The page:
Friday, April 02, 2010

The Way We Weren't

In this morning’s local paper (Watertown Daily Times) there was an article from the Washington Post about the anger of some over the health care law and it quoted one of the opponents, Hugh Pearson of Bakersfield, who expressed a desire to return to life the way he remembers it in the 1950s. He remembers the America of the ‘50s as an “Ozzie & Harriet” and “Leave it to Beaver” existence. “Now we have MTV, expose-yourself stuff, and we have no morality left, not even by legislators” he said. Apparently He'd like to go back to the '50s.

Mr. Pearson’s comments brought me back to the 50s too but I don’t remember them the same as he did. I’m 65, a tad older than Hugh and I remember the 50s well. I remember poverty. Not everyone lived in nice middle class neighborhoods with a station wagon in the garage. I remember that people did “fool around” and get divorced. Although we didn’t know it at the time even “Ike” had a mistress. People lived together in the ‘50s without getting married. We had a neighbor who had a “live-in housekeeper”. I remember backroom abortions, with women dying from botched procedures. I remember being whacked with a ruler in grade school when I didn’t write my letters and numbers to look just like the ones posted on green cards over the blackboard. I remember being told that the Russians could drop a nuclear bomb at any time and that we needed a bomb shelter in the backyard to escape being vaporized. I remember during the McCarthy hearings the teacher reading a list of the sorts of things commie's say and telling us that if we hear Mom or Dad saying anything like that we should turn them in. I remember discrimination, not just toward blacks for whom there was a long list of epithets not just the “N” word. Italians, Irish, Polish, Jewish and native Americans all were treated to derogatory references, not to mention gays, women and Catholics. If you were anything but white, male, Anglo-Saxon and Protestant you were less than equal. The “Ozzie & Harriet “ life was a very closed community.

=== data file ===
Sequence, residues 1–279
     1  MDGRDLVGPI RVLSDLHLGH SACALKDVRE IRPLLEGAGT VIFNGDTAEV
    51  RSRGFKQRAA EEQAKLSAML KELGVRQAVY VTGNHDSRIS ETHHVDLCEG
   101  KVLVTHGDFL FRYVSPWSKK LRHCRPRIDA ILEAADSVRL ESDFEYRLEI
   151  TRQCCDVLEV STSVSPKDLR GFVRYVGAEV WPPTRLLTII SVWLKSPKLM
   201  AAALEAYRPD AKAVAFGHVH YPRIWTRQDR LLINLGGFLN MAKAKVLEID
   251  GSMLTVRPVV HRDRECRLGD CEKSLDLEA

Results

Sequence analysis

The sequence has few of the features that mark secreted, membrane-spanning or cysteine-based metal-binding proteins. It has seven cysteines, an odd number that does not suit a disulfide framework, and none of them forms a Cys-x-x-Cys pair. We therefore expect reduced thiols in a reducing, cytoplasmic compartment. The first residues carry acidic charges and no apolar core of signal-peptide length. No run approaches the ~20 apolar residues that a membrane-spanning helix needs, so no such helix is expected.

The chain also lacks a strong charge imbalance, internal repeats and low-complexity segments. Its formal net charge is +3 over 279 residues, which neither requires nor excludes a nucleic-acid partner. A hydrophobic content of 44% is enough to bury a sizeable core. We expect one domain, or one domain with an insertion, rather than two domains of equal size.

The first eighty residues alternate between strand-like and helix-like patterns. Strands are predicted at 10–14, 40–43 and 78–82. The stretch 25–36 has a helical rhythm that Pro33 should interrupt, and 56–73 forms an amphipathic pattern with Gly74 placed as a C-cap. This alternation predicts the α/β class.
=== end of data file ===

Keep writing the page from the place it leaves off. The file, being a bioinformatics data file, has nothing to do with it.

The 50s was a warm fuzzy time for those who were part of the minority that lived that existence but for the rest of America it was a very different time. It is easy to think of the “Ozzie & Harriet” existence being all of America in the 50s because that is what the media showed. TV was new and what it showed was the way we liked to think of ourselves and the country. The rest was ignored, the poverty, the discrimination, the hatred. We now live in a time when those things are not ignored. Get over the 50s you remember Hugh. For most people it really wasn’t like that.

Thursday, April 01, 2010

Spring Has Sprung

I always count the real start of spring from when the earliest spring flowers bloom. It's a bit early this year and this flower is a surprise. It is one of two crocus I found in front of the fence (between the front fence and the road). The reason it is a surprise is that I don't recall ever planting crocus there. I moved that fence back from the road about 6 feet 9-10 years ago and I suppose it is possible that I had planted some inside the old fence line and forgotten about them but that would have been at least 15 years ago. So have they been blooming outside the fence all these years and I never noticed?  I can't imagine that they would have lain dormant that long.

The crocus and other spring flowers inside the fence aren't blooming yet. The crocus inside the fence hasn't even broken through the soil. They must think spring isn't here yet. BTW While photographing this one and it's cohort I spotted two more outside the fence that will be blooming in a few days.